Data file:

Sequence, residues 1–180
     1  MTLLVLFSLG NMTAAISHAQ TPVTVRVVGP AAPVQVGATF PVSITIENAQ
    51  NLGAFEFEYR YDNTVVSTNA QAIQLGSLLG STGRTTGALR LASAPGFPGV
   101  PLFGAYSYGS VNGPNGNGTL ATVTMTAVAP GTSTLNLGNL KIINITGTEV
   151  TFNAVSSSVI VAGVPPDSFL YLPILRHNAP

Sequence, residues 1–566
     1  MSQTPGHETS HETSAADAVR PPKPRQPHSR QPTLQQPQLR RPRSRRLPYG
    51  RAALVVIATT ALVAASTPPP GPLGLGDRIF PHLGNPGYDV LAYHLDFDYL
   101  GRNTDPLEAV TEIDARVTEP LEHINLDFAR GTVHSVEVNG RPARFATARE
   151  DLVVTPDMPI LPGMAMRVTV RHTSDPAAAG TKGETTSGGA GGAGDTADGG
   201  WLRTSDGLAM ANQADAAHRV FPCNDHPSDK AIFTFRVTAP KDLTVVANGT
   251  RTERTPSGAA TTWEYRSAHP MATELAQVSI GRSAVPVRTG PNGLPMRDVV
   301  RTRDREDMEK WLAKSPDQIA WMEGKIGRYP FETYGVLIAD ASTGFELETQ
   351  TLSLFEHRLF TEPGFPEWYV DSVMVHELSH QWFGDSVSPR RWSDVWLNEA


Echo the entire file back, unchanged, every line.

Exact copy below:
Sequence, residues 1–180
     1  MTLLVLFSLG NMTAAISHAQ TPVTVRVVGP AAPVQVGATF PVSITIENAQ
    51  NLGAFEFEYR YDNTVVSTNA QAIQLGSLLG STGRTTGALR LASAPGFPGV
   101  PLFGAYSYGS VNGPNGNGTL ATVTMTAVAP GTSTLNLGNL KIINITGTEV
   151  TFNAVSSSVI VAGVPPDSFL YLPILRHNAP

Sequence, residues 1–566
     1  MSQTPGHETS HETSAADAVR PPKPRQPHSR QPTLQQPQLR RPRSRRLPYG
    51  RAALVVIATT ALVAASTPPP GPLGLGDRIF PHLGNPGYDV LAYHLDFDYL
   101  GRNTDPLEAV TEIDARVTEP LEHINLDFAR GTVHSVEVNG RPARFATARE
   151  DLVVTPDMPI LPGMAMRVTV RHTSDPAAAG TKGETTSGGA GGAGDTADGG
   201  WLRTSDGLAM ANQADAAHRV FPCNDHPSDK AIFTFRVTAP KDLTVVANGT
   251  RTERTPSGAA TTWEYRSAHP MATELAQVSI GRSAVPVRTG PNGLPMRDVV
   301  RTRDREDMEK WLAKSPDQIA WMEGKIGRYP FETYGVLIAD ASTGFELETQ
   351  TLSLFEHRLF TEPGFPEWYV DSVMVHELSH QWFGDSVSPR RWSDVWLNEA